13th December 2002
Government lacks political will to defend Irish speakers Constitutional rights - Ó Snodaigh
Sinn Fein spokesperson on Cultúr, Gaeilge agus Gaeltacht Aengus Ó Snodaigh TD has accused the Government of lacking the political will to uphold the Constitutional rights of Irish speakers, following the defeat of a Sinn Fein amendment to the Statute Law Restatement Bill, which reached Report and Final Stages in the House today. The amendment was defeated in a narrow vote, 37 to 10, with Fine Gael deputies abstaining and Labour deputies absenting themselves from the chamber.
Deputy Ó Snodaigh said:
I tabled a simple, but very significant amendment that sought to acknowledge and protect the equal rights of Irish speakers to access legislation in their own language. The Sinn Fein amendment would have required all restatements of the law to be made available simultaneously in both official languages, in keeping with Constitutional guarantees. Currently, Irish speakers cannot access all legislation in the Irish language, as there is a long backlog in translation and much of the new legislation is published in English only. This is discriminatory and unconstitutional, and was recently criticised by the Supreme Court in Ó Beoláin v. Fahy.
We commend the hard work that translators are doing, and recognise that some progress has been made, however it is our position that extra resources are needed to clear the translation backlog. The practice of monolingual publication of new legislation must end, and all restatements of the law should also be made available in both official languages simultaneously.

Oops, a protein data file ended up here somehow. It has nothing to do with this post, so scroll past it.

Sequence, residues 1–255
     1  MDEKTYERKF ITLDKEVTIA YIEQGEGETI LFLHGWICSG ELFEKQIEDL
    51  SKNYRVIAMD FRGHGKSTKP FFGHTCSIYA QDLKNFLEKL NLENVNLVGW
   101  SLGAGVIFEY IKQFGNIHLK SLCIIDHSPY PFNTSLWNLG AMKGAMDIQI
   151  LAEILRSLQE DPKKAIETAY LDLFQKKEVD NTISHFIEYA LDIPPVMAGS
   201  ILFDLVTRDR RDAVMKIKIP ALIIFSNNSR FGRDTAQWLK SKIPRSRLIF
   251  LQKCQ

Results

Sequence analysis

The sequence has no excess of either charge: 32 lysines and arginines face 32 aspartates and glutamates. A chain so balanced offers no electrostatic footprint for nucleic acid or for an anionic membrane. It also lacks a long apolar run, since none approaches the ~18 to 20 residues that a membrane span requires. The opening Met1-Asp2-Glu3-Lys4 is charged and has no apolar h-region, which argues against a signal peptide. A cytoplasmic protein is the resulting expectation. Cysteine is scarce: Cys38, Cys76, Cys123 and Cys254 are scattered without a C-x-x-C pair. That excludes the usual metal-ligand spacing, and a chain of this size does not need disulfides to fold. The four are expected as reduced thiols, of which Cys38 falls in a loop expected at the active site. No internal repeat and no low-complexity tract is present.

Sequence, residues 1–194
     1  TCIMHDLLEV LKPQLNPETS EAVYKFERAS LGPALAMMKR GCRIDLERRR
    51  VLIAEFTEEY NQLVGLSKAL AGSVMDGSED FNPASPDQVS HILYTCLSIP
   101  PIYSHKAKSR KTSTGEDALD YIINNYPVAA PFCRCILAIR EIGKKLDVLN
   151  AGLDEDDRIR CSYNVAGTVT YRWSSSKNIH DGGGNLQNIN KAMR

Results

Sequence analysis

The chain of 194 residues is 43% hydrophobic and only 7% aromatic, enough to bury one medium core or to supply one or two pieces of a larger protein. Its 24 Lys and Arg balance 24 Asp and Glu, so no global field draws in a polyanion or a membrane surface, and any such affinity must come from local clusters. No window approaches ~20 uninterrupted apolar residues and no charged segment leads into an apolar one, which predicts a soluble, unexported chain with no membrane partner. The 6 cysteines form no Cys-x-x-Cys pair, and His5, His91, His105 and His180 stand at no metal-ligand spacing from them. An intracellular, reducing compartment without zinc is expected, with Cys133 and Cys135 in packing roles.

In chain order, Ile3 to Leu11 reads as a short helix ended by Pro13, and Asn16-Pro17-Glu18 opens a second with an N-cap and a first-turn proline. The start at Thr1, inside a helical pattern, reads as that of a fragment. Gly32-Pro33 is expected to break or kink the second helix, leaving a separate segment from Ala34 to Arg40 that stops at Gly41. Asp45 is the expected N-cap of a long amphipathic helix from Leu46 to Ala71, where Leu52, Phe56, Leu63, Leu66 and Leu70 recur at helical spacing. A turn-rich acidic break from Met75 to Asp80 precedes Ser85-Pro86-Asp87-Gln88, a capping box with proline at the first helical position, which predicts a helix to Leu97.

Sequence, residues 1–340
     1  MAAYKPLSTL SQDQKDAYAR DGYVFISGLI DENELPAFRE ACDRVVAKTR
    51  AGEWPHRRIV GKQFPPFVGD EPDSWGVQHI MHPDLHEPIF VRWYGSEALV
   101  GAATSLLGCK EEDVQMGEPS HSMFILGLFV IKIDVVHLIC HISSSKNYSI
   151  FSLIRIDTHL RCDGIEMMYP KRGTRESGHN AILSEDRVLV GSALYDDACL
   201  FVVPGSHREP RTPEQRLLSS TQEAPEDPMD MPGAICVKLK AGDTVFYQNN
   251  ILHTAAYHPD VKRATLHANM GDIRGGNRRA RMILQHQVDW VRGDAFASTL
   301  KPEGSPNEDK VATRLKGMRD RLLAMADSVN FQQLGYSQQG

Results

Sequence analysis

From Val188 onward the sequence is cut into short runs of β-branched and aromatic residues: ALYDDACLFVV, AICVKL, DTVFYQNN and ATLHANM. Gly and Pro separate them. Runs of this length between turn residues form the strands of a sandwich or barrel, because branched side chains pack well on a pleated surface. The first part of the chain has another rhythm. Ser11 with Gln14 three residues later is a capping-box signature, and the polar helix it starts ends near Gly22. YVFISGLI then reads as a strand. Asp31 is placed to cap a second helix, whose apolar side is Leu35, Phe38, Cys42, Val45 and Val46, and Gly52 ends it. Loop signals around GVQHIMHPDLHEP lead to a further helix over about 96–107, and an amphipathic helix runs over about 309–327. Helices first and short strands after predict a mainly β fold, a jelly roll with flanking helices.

The rights of Irish speakers have been denied historically and are being denied still. Whenever we raise this issue, we are told that while we are technically correct , Irish speakers equal rights cannot be upheld in practice because it will cost too much. I do not accept this. Constitutionally accepted equal rights cannot be held hostage to the bottom line. If there is a political will, there is a way, but this Government and its predecessors since at least 1980 have lacked the political will. If this Government can prioritise the protection and massive overfunding of Horse and Greyhound racing, they can find the funds to protect the rights of Irish speakers.
Ultimately, there is no reason that this amendment should not have been accepted by the Government and passed by the House. The fact that Fine Gael and Labour deputies abstained from voting on the amendment presumably for petty political reasons, and despite having raised similar concerns during the debate is a disgrace.
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